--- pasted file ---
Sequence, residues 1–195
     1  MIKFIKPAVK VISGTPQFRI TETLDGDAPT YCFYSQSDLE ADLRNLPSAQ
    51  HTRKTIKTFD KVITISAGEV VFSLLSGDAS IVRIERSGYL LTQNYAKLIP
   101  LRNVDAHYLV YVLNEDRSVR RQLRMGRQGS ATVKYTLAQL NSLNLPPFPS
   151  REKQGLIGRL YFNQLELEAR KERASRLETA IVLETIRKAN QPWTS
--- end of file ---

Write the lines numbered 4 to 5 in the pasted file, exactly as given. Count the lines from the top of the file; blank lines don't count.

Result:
   101  LRNVDAHYLV YVLNEDRSVR RQLRMGRQGS ATVKYTLAQL NSLNLPPFPS
   151  REKQGLIGRL YFNQLELEAR KERASRLETA IVLETIRKAN QPWTS